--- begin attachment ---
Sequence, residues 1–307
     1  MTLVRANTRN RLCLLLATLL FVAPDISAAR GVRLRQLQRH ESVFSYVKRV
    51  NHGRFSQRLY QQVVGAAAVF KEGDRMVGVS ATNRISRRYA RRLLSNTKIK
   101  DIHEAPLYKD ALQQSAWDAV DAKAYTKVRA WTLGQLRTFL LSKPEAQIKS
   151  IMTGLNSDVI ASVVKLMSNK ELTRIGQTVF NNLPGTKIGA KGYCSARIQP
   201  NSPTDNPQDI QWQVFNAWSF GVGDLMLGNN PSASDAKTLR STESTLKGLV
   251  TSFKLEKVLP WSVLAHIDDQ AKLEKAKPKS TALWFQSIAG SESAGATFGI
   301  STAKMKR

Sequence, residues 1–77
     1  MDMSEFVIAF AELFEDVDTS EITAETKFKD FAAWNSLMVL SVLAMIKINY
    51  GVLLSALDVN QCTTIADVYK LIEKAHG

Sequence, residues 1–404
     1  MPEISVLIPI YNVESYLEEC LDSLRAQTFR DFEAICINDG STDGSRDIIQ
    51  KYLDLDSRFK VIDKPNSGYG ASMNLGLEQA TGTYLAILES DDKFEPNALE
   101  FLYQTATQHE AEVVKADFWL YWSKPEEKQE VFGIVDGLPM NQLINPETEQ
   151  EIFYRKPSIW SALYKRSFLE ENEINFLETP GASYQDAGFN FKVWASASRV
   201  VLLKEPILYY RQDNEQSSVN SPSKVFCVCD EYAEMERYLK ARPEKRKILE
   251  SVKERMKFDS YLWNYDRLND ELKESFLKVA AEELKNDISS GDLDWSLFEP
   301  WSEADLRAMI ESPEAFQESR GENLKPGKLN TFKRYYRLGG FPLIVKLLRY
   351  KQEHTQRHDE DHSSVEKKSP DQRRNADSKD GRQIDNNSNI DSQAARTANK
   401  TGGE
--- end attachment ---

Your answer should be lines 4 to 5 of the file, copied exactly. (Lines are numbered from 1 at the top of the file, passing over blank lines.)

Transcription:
   101  DIHEAPLYKD ALQQSAWDAV DAKAYTKVRA WTLGQLRTFL LSKPEAQIKS
   151  IMTGLNSDVI ASVVKLMSNK ELTRIGQTVF NNLPGTKIGA KGYCSARIQP